MAP 1777

MAP 1780

MAP 1829



~ ~ ~

Parent / Name

Amos may have been a farmer, shoemaker (his eldest known son, Alvin, was a shoemaker) or in a profession related to leather.Chatham, NY reported as birthplace is suspicious. May be Chatham, CT (Alvords) or wrong Northrop line.
Names WITH connections - Amos, BurrNames with possible connections - Gerrit, George, Fenn, Elmore, Winthrop, Blaine, Anzonetta /Antoinetta

A number of Fenns have connections to Joseph Line - Second Congregational Church Milford "Plymouth" Amos had 2 known children but possibly more.Amos might have even spent some time in Berkshire County, MA.

It is interesting to observe on the gravestones that widows were called relicts and wives who predeceased their husbands are called consorts.


Now Then
Bantam Falls Litchfield
Bethel Part of Danbury
Bethlem Bethlehem Woodbury
Brookfield Newbury
Bridge- water Shepaug Neck , the neck, South Farms, part of New Milford territory Samuel Clark of Milford, Jeremiah Canfield, Samuel Briscoe, Joseph Benedict, Ephraim Hawley, Jeheil Hawley later moved to Sharon or Salisbury, Joseph Treat Jr.John Treat, Gideon Treat, John Porter , Solomon Noble Sanford, David Lockwood, Joel Fenn, Nathan Bradley, Nathaniel Porter, Samuel Dunning, Lemuel Jennings, Platts, more Sanfords
Cornwall Sold at Fairfield w Western Lands
Cheshire West Farms on Mill River
Derby Paugusset
Derby Birmingham Seymour - Humphreys-ville was earlier part of Derby , Paugassett
Derby 1st inland settlement on Naugatuck River
Greenfield included parts Redding, Wilton perhaps part of Newtown, Trumbull
Kent Bromica, Bull's Bridge, Ore Hill, Schaghti-coke, Flanders, Flat Rocks, Geer Mountain, Good Hill, Treasure Hill, Macedonia
Kent Scatacook Kent Hollow
Litchfield Bantam Bantam Falls Bradleyville Nettleton Hollow, Romford, Smoky Hollow
North of Litchfield New Bantam included Goshen
Milford Wepawaug
Morris South Farms
Newtown Pootatuck
Northville parts of kent warren washington much of it formerly the "North End of New Milford" including marbledale, new preston
Oxford Quaker Farms
town of Wash- ington & New Preston village 1710, Woodbury north purchase included much of area
Part of Kent & New Prestton 1716 Fairweather purchase just west of the lake.
Plymouth & Bristol) New Cambridge
Ripton north part of Stratford now Huntington Shelton Monroe
Seymour Humphreys-ville petition to be called Richmond also Chuse- town

Humphreys had always been interested in manufacturing and during his visits to England and France, studied their industrial systems carefully.  In 1803, Humphreys started one of the finest woolen mills in the country on a large piece of property located at the falls on the Naugatuck River near many other little mills. 

The village prospered and attracted other manufacturing concerns.  Items such as cotton cloth, paper, furniture and tools such as augers and bits were produced.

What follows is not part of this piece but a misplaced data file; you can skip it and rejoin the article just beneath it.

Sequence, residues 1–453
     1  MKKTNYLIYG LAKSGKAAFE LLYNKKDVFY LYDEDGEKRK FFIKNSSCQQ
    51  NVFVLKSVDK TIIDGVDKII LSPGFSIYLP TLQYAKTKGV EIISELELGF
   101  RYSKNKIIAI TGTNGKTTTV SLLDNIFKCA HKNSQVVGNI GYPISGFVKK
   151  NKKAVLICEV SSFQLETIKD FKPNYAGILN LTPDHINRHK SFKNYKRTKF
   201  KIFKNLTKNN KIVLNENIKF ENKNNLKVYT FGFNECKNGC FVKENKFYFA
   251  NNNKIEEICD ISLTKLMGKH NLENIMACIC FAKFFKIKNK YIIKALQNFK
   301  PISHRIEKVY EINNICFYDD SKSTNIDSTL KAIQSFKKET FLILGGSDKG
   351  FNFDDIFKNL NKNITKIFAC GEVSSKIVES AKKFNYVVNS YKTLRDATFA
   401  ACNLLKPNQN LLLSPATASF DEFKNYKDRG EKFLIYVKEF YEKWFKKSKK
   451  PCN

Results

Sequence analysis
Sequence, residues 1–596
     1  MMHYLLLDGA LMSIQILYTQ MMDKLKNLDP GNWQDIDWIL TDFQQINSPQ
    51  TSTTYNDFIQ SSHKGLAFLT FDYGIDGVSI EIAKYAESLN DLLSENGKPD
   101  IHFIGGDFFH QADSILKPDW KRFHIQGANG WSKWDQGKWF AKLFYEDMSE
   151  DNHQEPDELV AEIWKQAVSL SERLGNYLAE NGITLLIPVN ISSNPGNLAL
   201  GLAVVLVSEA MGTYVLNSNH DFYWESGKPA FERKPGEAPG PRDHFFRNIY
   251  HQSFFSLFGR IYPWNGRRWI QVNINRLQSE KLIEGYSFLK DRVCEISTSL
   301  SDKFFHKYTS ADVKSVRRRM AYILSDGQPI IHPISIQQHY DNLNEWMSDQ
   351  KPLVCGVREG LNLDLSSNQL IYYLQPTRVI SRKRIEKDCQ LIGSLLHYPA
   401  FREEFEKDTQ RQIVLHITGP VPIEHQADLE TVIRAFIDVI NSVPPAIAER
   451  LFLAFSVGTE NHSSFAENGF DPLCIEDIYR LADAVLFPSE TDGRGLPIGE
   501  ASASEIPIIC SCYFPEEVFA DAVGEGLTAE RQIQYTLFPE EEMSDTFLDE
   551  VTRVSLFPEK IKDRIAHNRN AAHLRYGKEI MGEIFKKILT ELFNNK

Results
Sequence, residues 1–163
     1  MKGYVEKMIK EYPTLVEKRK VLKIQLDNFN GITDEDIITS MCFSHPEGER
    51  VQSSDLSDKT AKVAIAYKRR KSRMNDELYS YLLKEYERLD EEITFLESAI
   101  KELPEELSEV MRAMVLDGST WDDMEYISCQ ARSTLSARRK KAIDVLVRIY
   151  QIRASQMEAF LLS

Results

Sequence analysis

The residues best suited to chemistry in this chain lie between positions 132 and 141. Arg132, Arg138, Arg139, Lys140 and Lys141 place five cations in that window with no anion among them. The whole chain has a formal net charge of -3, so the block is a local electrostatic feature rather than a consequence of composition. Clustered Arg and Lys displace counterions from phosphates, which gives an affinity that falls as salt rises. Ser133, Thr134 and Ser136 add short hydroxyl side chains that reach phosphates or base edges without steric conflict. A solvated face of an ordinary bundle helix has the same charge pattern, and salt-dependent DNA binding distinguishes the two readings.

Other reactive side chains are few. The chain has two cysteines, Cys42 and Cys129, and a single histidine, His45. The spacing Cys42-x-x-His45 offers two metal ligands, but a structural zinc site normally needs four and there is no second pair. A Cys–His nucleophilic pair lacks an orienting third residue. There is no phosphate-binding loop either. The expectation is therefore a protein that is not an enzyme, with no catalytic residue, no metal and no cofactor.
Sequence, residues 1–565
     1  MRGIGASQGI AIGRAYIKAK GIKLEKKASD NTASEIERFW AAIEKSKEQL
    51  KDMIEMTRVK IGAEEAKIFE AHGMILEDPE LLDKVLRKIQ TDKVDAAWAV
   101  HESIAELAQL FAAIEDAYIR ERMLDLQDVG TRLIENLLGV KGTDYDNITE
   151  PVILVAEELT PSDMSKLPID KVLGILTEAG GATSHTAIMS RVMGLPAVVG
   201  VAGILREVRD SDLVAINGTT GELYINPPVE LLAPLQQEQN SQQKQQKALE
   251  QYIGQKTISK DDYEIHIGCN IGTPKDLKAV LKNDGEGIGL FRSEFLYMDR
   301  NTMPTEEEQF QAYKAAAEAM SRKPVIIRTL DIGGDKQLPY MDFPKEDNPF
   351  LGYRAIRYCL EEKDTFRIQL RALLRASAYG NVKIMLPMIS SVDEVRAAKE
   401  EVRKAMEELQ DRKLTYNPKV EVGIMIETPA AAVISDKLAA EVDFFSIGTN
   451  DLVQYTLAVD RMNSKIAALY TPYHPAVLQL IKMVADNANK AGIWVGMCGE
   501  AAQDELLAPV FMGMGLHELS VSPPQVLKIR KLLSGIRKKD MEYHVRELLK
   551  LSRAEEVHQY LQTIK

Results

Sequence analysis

Southbury south part of Woodbury
South Britain now part of Southbury
Stratford Cupheag
Trumbull North Stratford

Trans- ylvania

Southbury/ Roxbury Road Route 67)

ylvania Crossroads, locally known as Pine Tree

Wash- ington territory from Woodbury, New Milford, Kent, & Litchfield
Wash- ington Judea & New Preston (was pt of New Milford Marbledale Washington Depot Nettleton Hollow part New Milford North Purchase Woodville Washington Green was Judea, Blackville, Romford
Warren formerly part of Kent
Warren East Greenwich Parish
Waterbury Mattatuck - everything north of early "Derby"
part of Oxford & above
Water- town Westbury plymouth was taken from Water-
Weston Northfield
Woodbury Pomperaug
Wood- bridge & Bethany Amity embraced most of both towns
Northern part of New Milford, & South & South East part of Kent Merryall or Merry-all


Freeman's Oath

The oath of fidelity to which freemen were obliged to subscribe before they could exercise the rights that accrued to them when they had taken the freeman's oath:

"You do swear by the ever-living God that you will truly and faithfully adhere to and maintain the government established in this state under the authority of the people, agreeable to the laws in force within the same, and that you believe in your conscience that the King of Great Britain hath not, nor of right ought to have any authority or dominion in or over this state, and that you do not hold yourself bound to yield any allegiance or obedience to him within the same, and that you will, to the unmost of your power, maintain and defend the freedom, independance and privileges of this state against all open enemies or traitorous conspiracies whatsoever, so help you God. And no person shall have authority to execute any of the offices aforesaid after the first day of January next, until he hath taken said oath, and all persons who hereafter shall be appointed to any of said offices shall take said oath before they enter upon the execution of their offices. And no freemen within this state shall be allowed to vote in the election of any of the officers of government until he hath taken the aforesaid oath in the open freemans' meeting in the town where he dwells."

"Names of those persons that have appeared to take the oath of fidelity prescribed by the General Assembly of this state at a General Assembly of the State of Connecticut holden at Hartford in said state on the second Thursday of May, A. D.( 1777."


!! Elijah S. Northrop is in Kent in 1830 not close to Alvin -- 3 or 4 pages away 2 pages away from Amos 1010010000000 / 2000010000000 between barlow& cole 1-5-10, 1-10-15, 1-30-40, Who is Elijah S. Northrop???



Did you know -
There are 3,967 people in the U.S. with the last name Northrop.

Statistically the 8512th most popular last name.

There are 4,272 people in the U.S. with the last name Northrup. Statistically the 8013th most popular last name.

How many of me

There are fewer than 1,526 people in the U.S. with the first name Northrop. The estimate for this name is not absolute.

There are fewer than 1,526 people in the U.S. with the first name Northrup. The estimate for this name is not absolute.

deed from the Ramapoo Tribe of Indians and their associates to the proprietors, viz. : John Belden, Samuel Keeler, Sen., Matthias Saint John, Benjamin Hickcock, John Beebee, Samuel Saint John, Mathew Seamor, James Brown, Benjamin Wilson, Joseph Birch- ard, John Whitne, Sen., John Bouton, Joseph Keeler, Samuel Smith, Junior, Jonathan Stevens, Daniel Olmstead, Richard Olmstead, John Sturtevant, Samuel Keeler, Junior, Joseph Bouton, Jonathan Rockwell, Edward Waring, Joseph Whitne, Daniel Olmstead, Thomas Hyatt, James Benedick, Joseph Crampton, Ebenezer Sension, Matthias Saint John, all of the Town of Norwalk in ye County of Fairfield in her Majesties Colony of Connecticut, in New England, and Thomas Smith, Thomas Canfield and Samuel Smith of ye Town of Milford in ye County of New Haven a 30th day of September in ye seventh year of the reign of our Sovereign Lady, Anne, Queen of England, and in the Year of our Lord God 1708.

14. Norwalk, settled 1649; incorporated Sept., 1651, "Norwaukee shall bee a townee," Algonkin noyank, point of land, or more probably from the Indian name, "Naramauke."

ejnorthrop damnedcomputer.com                 #BEAD75


This home on Pequot Avenue, Southport, Connecticut is a recently restored example of the Northrop Brothers fine carpentry and building in the Southport-Greeens Farms area.

Image Courtesy of David Parker Associates